Walking without tales

I often go for a walk with my cat.  Well, she isn’t really there, but I can see her in my mind’s eye vividly on my right – she’s always on my right – and she moves with her usual lithe agility, leaping from time to time, and keeping up admirably despite her little legs.  I think of her as my daemon in Phillip Pullman’s His Dark Materials.  A daemon is the manifestation of a person’s soul.  Our daemons are our inner friends, our companions.  Perhaps they capture or encapsulate the core of who we are.  If we lose our daemons, we lose the core of ourselves, we become hollow men and women – this was the risk to the children in Pullman’s tale. 

My cat is playful, she is also a little vicious, she is quite the huntress, she kills without scruples as cats do.  She is light on her feet and always ready to perk up.  She is independent and wary but also very affectionate.  She enjoys deep relaxation.  Not all qualities I wish to own.

More recently, on my left side, I have started to sense another presence from time to time.  Is this another daemon?  Are you allowed more than one?  I think that may be outside the rules.   I have felt this presence as vividly as my cat.  Both are known but enigmatic to me.

We think we know others, do we ever?  This is a common refrain.  I have been thinking of how we have stories of others, as we do of ourselves.  And, specifically, how there are the darker tales and the lighter tales – the cat that kills and the cat that purrs on my lap.  I note how when I am feeling light-hearted, the lighter tales are the ones I tell, and I don’t care if they’re true or not!  I feel these stories are better for me, so I tell them and I believe them.  I feel light. 

But are they true?

When things are out of sorts for whatever reasons, the darker tales dominate, and I feel uneasy and perturbed.  In those moments I can tell myself to shift to the lighter tales, but it’s not that easy to just do what I say.  It’s not an on or off switch.  I have to be in a better place for the shift to happen.  I have to practise to be in that place.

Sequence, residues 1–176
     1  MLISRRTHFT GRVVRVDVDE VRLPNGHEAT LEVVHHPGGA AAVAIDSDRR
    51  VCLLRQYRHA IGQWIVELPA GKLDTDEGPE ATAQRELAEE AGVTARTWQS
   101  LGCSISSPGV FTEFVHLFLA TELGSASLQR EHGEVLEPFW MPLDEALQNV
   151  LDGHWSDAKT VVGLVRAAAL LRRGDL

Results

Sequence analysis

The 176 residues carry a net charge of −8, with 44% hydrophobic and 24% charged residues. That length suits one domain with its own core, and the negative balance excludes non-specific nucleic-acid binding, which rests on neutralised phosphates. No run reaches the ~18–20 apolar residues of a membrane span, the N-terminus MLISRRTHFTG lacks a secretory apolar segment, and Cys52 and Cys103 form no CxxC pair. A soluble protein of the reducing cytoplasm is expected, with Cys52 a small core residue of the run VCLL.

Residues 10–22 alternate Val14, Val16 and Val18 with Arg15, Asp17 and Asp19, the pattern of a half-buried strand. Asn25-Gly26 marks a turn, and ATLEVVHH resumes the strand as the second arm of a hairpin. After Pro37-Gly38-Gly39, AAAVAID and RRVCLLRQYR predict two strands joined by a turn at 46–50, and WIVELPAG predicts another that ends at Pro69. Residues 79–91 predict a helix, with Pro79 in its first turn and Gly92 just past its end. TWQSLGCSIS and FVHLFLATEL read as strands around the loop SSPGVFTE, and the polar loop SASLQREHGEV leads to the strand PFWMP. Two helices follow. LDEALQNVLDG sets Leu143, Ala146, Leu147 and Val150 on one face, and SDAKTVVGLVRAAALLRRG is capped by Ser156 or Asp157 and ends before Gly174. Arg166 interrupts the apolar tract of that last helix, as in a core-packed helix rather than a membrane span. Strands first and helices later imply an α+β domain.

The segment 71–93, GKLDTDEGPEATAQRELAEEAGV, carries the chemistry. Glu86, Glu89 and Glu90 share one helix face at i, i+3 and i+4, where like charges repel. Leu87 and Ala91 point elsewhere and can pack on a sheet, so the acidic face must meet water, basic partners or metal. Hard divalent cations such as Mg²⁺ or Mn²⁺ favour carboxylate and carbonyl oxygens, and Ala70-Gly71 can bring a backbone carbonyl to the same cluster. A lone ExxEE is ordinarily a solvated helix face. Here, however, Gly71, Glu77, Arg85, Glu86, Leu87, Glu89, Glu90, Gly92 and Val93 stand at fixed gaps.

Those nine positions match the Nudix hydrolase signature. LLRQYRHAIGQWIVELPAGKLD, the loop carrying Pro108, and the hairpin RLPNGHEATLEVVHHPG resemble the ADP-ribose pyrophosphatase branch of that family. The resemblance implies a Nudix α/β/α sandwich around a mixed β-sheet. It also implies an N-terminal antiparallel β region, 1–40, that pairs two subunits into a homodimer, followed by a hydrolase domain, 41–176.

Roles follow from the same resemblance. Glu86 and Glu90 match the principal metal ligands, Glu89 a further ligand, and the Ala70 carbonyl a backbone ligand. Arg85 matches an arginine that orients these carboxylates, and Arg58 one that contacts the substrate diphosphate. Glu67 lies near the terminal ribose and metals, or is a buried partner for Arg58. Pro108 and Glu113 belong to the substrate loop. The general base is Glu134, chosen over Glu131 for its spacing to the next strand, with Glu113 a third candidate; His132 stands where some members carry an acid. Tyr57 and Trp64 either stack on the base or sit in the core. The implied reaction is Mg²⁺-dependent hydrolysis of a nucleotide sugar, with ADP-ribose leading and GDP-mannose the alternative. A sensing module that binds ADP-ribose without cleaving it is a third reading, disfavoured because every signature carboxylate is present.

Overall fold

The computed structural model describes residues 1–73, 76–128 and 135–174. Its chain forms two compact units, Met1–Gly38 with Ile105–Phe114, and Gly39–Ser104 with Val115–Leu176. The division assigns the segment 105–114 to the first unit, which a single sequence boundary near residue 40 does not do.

And when I am in the right place, I don’t tell any tales.  I have no need for tales, and there are no tales to tell.

I imagine we all have a friend about whom we have dark and light tales – or if you don’t, then think about it.  Sometimes it is someone who you feel you don’t really know, though if we pause it could be anyone. And sometimes it is someone you may feel you know very well, or even best.

It could be yourself – the one we know most and also perhaps least. 

Many of us live our own light tales, sometimes dogmatically and unflinchingly, in the public world – this is our persona.  And sometimes we have brainwashed ourselves to believe these light tales are the whole truth.  Some of us are stuck in the dark tales.  Somehow we need to live and walk with both – and perhaps get to a place where there are no tales.

‘Simple things are always the most difficult.  In actual life it requires the greatest art to be simple, and so acceptance of oneself is the essence of the moral problem and the acid test of one’s whole outlook on life.  That I feed the beggar, that I forgive an insult, that I love my enemy…all these are undoubtedly great virtues…But what if I should discover that the least amongst them all, the poorest of all beggars, the most impudent of all offenders, yea, the very fiend himself – that these are within me, and that I myself stand in need of the alms of my own kindness, that I myself am the enemy who must be loved – what then?’ – Carl Jung, ‘Psychotherapists or the Clergy’ – Collected Works, volume 11

I could choose any friend to have on my left.  But I don’t choose.  This friend is simply there, all of a sudden I feel their presence.  

Suddenly on my walk, flanked by friend and cat, I understand why they are there with me – my inner teacher, my wiser self.  I trudge along, accompanied on both sides, without and within. 

Now, in the absence of stories, there is a felt sense. 

 Artwork courtesy of Penelope Hill

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Aside | This entry was posted in connections, dreams, friendships, Jung, walking, yoga. Bookmark the permalink.

5 Responses to Walking without tales

  1. Viv says:

    Totems not daemons, is the thing, I think. You can have many of these, usually about 4 and some are for life and some just for a task.
    Mine seem to have fled me, leaving me with no tales/tails(dark or light), and no one to tell them to.
    Very insightful post; thank you.

  2. Naini says:

    Well expressed 🙂

  3. aminoacids says:

    salutations from over the ocean. Great post I must return for more.

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  5. Tricia says:

    Fabulous post. We all tell ourselves stories about our lives. Much to think about here.

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